As the foundation of Fr. Moreau grew it became necessary for workers to do the cooking, laundry and infirmary work. Since he could not get sisters from other communities to do this work, between 1838-1839 he decided to form a group of sisters. He gathered four pius girls and placed them in a house on the suburbs of Sainte-Croix. There they prayed together and were called Sisters but they still used their family name. Realizing that these and other entering novices need spiritual training he sent four of them for a few months to the Convent of the Good Shepherd under the direction of Mother Mary de Saint-Dosithée. One of them was the daughter of a physician who was eventually elected unanimously as superior with the time of Mother Mary of the Seven Dolors.

Fr. Moreau would visit his sisters every Sunday in order to give them spiritual guidance and we are indebted to Mother Mary of the Seven Dolors for writing down in a small notebook some of the advice he gave them. On one occasion he said to them, "If you wish to be genuine daughters of Our Lady of the Seven Dolors you will become humble and charitable, and you will observe silence. The daughters of our Lady of the Seven Dolors are penitent daughters, who do penance not only for themselves but for the entire world; they are mortified, humble and obedient." (Catta, Vol. 1,p.439)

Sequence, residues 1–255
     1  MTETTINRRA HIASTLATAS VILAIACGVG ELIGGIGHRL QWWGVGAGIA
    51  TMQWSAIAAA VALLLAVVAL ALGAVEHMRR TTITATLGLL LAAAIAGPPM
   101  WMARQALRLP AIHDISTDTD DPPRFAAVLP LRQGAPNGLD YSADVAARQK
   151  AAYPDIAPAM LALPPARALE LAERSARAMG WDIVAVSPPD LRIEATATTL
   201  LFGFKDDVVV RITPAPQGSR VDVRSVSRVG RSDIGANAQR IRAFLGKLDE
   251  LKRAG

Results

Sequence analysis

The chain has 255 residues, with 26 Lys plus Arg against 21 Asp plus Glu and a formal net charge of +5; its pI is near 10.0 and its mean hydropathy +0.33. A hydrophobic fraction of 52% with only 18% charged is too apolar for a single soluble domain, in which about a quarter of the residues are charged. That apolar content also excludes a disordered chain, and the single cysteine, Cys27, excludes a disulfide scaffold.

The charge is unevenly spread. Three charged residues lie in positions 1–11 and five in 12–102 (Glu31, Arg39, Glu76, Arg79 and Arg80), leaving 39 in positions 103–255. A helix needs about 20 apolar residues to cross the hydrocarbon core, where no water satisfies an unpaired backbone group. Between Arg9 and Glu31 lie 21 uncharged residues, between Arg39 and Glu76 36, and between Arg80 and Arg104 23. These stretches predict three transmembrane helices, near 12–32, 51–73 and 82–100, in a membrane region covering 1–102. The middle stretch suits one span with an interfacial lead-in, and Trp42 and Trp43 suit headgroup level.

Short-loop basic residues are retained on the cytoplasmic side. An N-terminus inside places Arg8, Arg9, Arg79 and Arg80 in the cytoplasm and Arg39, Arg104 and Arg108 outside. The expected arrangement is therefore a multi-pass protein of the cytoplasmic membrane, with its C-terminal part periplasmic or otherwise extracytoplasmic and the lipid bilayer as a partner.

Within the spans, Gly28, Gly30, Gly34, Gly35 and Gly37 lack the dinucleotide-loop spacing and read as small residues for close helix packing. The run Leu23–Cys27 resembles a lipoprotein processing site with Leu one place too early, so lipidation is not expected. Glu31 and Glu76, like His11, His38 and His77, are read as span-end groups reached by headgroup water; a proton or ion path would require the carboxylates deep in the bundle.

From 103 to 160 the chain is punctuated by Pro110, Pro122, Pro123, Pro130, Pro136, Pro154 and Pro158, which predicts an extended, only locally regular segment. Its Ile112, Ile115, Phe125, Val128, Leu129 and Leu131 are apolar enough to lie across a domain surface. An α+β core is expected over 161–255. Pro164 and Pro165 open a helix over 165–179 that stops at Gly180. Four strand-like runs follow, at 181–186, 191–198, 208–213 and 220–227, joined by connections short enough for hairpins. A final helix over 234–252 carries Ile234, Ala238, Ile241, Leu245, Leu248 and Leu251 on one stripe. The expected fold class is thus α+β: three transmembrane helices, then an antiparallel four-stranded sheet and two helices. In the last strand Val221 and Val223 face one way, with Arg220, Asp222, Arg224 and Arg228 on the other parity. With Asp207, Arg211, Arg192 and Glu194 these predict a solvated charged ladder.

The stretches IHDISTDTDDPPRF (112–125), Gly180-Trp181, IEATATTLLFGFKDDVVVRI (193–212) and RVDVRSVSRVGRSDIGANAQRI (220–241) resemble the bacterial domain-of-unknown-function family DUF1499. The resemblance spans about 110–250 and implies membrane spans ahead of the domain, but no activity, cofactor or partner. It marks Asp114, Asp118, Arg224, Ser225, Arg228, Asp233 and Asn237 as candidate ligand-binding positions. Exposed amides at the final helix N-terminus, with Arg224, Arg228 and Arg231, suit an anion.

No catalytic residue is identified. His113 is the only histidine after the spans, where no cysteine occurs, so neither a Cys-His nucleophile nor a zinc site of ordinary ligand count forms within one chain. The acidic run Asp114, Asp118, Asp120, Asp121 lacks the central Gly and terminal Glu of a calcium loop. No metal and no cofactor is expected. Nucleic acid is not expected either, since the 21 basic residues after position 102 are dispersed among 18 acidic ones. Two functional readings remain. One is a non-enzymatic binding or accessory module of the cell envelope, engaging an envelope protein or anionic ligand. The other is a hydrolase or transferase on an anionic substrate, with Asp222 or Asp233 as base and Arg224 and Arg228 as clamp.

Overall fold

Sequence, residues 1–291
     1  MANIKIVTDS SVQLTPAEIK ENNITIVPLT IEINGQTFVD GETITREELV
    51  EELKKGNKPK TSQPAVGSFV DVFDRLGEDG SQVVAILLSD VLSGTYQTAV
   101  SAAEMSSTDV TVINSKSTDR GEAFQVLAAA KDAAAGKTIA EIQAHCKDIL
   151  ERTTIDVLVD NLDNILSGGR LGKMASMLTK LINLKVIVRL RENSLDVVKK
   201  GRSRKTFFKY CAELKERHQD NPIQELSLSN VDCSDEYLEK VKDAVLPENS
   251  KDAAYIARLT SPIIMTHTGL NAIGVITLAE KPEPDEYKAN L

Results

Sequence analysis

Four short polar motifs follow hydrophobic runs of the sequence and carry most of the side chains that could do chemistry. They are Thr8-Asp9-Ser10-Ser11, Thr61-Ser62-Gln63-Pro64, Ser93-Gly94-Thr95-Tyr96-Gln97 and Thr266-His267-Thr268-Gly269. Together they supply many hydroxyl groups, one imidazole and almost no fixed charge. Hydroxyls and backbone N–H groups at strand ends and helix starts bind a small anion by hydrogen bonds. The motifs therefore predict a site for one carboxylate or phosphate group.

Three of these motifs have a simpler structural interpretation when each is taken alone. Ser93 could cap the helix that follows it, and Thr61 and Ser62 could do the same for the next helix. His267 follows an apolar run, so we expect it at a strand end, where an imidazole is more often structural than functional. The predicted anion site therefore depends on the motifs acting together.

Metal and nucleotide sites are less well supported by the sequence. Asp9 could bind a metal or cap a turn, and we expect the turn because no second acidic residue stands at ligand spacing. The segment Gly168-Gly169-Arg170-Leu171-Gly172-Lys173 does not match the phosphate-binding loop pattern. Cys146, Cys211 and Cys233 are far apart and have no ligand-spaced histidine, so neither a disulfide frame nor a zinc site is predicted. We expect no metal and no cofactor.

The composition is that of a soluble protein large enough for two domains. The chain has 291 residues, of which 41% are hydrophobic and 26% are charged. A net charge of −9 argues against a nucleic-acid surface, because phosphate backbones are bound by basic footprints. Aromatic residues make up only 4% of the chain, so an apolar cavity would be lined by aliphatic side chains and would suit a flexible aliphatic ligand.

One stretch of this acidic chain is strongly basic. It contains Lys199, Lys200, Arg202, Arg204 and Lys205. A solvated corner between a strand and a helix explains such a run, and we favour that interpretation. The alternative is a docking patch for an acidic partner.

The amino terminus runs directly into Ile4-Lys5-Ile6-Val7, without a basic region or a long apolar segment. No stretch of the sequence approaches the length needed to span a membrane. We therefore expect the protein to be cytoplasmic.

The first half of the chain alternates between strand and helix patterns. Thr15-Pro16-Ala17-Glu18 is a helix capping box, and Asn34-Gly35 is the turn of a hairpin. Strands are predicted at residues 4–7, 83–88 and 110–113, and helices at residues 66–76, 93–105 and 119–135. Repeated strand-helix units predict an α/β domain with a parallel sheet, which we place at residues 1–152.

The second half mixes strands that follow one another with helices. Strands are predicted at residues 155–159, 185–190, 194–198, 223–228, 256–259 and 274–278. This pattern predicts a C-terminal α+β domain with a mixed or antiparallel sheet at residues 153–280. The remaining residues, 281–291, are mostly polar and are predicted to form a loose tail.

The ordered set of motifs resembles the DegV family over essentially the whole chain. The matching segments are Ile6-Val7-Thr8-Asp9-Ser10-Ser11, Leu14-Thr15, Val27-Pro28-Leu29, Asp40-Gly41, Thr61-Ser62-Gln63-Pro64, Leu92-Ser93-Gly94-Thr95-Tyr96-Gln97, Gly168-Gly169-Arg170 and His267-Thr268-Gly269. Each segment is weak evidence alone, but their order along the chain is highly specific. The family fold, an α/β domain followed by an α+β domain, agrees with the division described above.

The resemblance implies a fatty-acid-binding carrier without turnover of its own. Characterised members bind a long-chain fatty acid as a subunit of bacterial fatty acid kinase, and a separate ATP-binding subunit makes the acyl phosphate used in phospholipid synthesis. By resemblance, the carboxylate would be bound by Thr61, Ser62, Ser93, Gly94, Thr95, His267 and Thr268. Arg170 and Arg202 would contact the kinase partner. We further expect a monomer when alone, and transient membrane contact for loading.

On the feast of St. Michael the Archangel he lead them to realize how they could make countless acts of love of God. "A Sister who spends the her day in the sewing room and who says in the morning: 'May all the stitches I make today be so many acts of love,' would make an untold number of acts of love throughout the day. And yet it would not cost her anything to say this in the morning, even though she would not give her offering as second thought tthoughout the day ...." (Catta, Vol. 1, p.440)

Etienne and Tony Catta, the authors of our book make the following comments: "We hardly know what calls for greater admiration -- this man learned in the things of God, this preacher who had experienced genuine oratorical success and who, in the midst of this tiny community, gave up all attempts at rhetoric in order to fashion carefully the souls of his listeners, or these humble laundresses, seamstresses, or cooks who listen to him with docility, and endeavored to walk in the path he opened for them." (Catta, Vol.1, p.440)

With the addition of the Sisters there were now three branches of the Congregation and the unity and harmony of this association was a reflection of the Association and harmony of the Divine Persons in God. He further stated, "Our association is also a visible imitation of the Holy Family, wherein Jesus, Mary and Joseph, notwithstanding their difference in dignity, were one at heart by their unity of thought and uniformity of conduct." (Catta, Vol.1, p.440)

12. Restoration of Religious Life